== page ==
Wholesale Distributor Refrigerator Watchdog: Tesla is in violation of California’s Clean Power Plan

Watchdog: Tesla is in violation of California’s Clean Power Plan

Electric vehicles are being used to drive the clean-energy economy in California, and some of the state’s largest utilities are violating the state Clean Power plan, a federal watchdog said Friday.

In a letter to Tesla, the California Public Utilities Commission (CPUC) said the electric vehicle maker has a “disproportionately high” share of its total electricity demand, and that the company “does not meet the minimum requirements” for a clean-coal or electric-vehicle standard.

“Tesla has not met the Clean Power Program requirements in any of its major markets for electricity generation and generation of electricity,” CPUC Administrator David Teague said in a statement.

“The company is not meeting the Clean Air Act requirement to generate zero carbon electricity in any market where it operates.”

The CPUC letter came a day after Tesla, which had been touted as the clean alternative to fossil fuels, announced a new fuel option for its Model S sedan, the Model X, with a $35,000 tax credit to encourage customers to buy it.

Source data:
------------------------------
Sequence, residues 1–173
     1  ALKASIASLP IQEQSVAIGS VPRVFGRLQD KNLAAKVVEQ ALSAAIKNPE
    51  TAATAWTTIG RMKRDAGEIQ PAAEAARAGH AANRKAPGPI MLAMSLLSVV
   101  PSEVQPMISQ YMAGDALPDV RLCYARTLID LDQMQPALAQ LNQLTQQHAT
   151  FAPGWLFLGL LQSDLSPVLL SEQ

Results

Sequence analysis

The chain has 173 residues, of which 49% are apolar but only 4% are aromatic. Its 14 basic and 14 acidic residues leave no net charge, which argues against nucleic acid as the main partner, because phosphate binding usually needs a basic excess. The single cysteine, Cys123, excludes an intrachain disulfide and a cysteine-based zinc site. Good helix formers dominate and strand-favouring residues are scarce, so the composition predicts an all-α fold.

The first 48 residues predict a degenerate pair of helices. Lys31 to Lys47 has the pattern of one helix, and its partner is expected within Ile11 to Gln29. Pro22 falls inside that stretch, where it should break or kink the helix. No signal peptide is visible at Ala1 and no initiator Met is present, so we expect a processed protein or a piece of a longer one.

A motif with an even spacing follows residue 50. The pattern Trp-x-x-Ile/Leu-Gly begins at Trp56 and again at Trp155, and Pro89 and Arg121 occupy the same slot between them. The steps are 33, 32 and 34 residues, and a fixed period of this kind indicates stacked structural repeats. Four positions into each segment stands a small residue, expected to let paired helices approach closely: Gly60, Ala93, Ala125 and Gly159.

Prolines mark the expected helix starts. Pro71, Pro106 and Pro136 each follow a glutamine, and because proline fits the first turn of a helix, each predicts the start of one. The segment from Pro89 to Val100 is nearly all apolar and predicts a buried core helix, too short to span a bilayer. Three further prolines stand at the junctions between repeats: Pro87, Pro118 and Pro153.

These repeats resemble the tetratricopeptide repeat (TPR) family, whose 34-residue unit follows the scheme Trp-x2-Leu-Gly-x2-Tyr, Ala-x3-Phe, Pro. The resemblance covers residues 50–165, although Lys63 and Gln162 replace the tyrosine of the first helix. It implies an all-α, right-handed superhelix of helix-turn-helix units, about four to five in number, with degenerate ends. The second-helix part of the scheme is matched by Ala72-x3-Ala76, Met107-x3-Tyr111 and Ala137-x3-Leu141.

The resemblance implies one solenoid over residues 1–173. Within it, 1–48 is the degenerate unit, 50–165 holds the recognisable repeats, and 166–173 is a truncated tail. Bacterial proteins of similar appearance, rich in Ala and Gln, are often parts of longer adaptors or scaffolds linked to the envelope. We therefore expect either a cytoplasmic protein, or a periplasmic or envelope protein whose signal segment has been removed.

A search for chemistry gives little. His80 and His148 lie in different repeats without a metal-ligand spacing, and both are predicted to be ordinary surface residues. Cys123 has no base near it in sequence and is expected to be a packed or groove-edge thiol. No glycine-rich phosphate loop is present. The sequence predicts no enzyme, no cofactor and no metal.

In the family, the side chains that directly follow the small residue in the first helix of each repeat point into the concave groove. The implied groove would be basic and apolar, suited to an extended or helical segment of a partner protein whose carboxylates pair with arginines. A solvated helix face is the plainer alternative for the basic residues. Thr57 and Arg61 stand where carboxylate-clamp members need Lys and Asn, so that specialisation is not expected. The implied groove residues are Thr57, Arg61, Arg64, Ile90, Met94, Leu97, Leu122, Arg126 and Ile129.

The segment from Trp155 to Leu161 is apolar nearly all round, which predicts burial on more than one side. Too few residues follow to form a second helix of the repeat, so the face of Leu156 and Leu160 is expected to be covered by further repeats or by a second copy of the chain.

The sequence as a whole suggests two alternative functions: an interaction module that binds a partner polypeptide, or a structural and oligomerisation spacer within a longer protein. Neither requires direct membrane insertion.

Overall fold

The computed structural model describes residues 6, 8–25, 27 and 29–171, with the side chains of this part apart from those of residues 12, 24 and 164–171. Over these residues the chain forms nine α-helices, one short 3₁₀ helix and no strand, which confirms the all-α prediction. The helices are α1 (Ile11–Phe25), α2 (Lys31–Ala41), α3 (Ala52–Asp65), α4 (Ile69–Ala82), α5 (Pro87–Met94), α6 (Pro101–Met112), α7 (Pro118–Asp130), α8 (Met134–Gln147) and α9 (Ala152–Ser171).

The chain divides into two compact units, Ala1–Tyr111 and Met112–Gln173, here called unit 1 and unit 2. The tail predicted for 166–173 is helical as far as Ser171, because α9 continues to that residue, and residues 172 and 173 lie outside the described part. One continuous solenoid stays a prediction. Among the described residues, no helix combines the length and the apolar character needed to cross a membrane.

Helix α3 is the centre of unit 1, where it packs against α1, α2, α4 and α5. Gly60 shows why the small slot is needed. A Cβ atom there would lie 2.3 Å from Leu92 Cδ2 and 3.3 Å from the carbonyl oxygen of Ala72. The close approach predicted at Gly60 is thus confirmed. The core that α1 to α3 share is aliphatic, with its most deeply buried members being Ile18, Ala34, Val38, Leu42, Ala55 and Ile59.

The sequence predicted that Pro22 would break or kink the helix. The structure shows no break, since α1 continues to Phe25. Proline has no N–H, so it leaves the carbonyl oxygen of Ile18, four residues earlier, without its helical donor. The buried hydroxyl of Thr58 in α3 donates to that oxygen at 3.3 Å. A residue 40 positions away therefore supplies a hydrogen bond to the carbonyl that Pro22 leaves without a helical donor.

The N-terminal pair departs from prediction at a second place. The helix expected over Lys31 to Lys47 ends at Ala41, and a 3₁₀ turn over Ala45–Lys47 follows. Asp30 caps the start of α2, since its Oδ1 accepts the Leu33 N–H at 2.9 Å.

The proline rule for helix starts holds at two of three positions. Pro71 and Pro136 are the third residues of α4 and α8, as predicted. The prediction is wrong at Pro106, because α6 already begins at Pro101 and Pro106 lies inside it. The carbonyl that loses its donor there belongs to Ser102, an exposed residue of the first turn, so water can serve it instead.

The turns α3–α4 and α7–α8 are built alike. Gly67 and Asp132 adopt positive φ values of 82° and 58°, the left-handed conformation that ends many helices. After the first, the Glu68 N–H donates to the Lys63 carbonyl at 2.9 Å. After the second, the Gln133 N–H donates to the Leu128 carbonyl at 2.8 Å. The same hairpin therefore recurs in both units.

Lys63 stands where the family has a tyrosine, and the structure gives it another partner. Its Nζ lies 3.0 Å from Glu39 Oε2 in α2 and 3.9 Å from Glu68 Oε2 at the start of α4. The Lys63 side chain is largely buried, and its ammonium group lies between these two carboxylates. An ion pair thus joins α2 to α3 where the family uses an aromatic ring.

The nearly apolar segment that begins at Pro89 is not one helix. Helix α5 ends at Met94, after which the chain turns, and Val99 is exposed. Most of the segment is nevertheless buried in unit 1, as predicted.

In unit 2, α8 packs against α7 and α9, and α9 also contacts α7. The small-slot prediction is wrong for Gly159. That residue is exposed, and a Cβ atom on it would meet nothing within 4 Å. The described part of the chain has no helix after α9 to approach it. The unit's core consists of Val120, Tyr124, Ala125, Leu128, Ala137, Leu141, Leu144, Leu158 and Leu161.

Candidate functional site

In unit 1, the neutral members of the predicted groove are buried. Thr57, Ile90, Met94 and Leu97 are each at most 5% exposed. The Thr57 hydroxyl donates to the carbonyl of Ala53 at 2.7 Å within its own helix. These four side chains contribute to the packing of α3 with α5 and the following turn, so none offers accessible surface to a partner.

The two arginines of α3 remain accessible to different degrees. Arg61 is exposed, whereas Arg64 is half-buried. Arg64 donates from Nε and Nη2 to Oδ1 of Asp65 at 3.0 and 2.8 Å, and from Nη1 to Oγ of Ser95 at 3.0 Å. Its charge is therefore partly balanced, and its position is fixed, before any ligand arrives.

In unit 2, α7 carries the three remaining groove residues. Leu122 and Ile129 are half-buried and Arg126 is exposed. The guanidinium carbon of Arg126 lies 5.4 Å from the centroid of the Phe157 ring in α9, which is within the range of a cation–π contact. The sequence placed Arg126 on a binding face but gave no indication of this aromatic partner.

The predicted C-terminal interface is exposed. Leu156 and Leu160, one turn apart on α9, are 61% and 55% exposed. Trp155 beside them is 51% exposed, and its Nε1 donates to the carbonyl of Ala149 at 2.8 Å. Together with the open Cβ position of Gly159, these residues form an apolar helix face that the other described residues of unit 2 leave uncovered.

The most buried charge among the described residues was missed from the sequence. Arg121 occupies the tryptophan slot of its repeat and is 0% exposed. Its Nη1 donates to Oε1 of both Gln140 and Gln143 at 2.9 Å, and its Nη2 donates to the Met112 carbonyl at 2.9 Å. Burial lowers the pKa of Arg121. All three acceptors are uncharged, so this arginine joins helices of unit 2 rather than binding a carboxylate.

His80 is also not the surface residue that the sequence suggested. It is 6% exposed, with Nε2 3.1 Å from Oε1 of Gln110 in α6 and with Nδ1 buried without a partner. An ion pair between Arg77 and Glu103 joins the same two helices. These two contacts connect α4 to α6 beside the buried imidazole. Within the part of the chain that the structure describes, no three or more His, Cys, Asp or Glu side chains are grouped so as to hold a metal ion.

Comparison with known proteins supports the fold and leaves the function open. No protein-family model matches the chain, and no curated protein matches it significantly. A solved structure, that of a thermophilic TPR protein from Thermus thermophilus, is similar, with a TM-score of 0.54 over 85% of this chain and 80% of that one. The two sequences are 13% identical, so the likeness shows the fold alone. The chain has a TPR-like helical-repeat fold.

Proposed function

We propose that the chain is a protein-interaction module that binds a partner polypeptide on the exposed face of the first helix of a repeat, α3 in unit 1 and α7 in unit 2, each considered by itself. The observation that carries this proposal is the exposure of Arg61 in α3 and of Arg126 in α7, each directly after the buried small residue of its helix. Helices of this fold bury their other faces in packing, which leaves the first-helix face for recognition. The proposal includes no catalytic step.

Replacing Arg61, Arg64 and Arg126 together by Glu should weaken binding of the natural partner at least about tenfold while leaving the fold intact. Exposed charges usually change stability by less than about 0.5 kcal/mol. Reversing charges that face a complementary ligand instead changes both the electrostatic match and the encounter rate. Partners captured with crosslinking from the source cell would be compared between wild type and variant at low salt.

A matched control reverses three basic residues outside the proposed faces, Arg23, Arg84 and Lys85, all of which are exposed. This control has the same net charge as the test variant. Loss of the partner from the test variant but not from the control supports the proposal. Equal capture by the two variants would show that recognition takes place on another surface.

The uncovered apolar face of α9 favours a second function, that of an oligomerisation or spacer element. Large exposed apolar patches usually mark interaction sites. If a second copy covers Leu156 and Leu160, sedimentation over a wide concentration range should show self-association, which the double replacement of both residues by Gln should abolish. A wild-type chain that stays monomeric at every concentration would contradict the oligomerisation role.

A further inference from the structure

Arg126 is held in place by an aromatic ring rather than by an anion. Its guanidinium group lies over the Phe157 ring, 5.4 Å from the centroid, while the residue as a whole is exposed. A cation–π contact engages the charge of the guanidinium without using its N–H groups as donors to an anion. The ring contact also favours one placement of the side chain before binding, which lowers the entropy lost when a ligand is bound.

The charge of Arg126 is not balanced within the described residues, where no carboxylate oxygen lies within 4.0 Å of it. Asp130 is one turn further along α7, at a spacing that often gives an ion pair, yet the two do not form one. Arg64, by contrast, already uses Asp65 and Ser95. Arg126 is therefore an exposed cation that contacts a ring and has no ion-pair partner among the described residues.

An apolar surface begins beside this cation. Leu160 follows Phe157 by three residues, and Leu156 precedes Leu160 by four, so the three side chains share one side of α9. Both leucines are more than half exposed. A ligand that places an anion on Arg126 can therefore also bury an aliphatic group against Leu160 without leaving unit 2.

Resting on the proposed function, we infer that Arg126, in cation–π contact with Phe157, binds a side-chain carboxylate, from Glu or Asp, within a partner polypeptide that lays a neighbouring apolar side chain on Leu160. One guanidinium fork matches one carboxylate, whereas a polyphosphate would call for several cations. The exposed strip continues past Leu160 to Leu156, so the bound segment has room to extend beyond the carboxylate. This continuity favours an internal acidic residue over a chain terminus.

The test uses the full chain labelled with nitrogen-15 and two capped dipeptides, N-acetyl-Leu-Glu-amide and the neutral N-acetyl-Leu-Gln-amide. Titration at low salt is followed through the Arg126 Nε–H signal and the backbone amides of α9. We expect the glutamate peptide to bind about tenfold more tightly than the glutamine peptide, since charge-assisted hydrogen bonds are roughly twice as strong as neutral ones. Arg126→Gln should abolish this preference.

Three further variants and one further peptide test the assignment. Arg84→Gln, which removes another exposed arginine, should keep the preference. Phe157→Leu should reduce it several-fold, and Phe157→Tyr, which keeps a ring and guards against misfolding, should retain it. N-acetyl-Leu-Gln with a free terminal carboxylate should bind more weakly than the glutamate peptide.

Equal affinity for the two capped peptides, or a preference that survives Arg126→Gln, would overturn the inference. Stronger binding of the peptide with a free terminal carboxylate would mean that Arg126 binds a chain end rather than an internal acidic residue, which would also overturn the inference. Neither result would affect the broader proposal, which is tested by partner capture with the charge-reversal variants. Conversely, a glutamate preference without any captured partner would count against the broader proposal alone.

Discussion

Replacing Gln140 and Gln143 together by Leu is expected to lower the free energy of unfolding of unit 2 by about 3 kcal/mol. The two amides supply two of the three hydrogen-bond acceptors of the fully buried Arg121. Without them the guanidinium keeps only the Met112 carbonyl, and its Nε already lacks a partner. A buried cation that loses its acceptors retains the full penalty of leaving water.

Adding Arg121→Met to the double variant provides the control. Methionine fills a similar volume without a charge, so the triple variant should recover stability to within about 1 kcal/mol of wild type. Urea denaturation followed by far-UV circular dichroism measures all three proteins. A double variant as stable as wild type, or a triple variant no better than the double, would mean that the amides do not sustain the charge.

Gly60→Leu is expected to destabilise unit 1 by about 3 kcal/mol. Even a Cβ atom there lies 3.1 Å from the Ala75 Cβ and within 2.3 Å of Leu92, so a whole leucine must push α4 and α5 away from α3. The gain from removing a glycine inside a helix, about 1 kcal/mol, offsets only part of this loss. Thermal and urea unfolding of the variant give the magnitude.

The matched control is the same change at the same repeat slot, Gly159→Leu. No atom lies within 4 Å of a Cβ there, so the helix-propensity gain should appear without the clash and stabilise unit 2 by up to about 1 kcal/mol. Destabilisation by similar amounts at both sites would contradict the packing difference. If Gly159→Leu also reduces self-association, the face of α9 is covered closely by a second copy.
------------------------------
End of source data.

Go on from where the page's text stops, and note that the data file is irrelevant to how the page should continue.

Tesla said it would offer customers a $5,000 discount on their Model X vehicle and $2,500 discount on the Model S. The tax credit will apply to purchases made in the state of California and will be extended through June 2020.

Tesla also plans to offer the new Model X with a 30-mile range, an electric-only battery pack, a new “supercharger” that will connect Tesla customers to a network of charging stations, and a larger battery pack that can support up to 100 miles of driving.

California Governor Jerry Brown said he would take action to reduce the state energy dependency on fossil fuels and that “the governor’s office will review the findings and recommendations of the Commission.”

Tesla announced it would invest $300 million in a battery research facility in the United States and to invest $250 million in batteries in China.

The company said in its earnings release that it expects to increase its battery production capacity by more than 100% in the next two years and expects to produce up to 7.7 million kilowatt hours (kWh) of electricity by 2025.

Tesla said the company is investing $3 billion in electric vehicle research and development.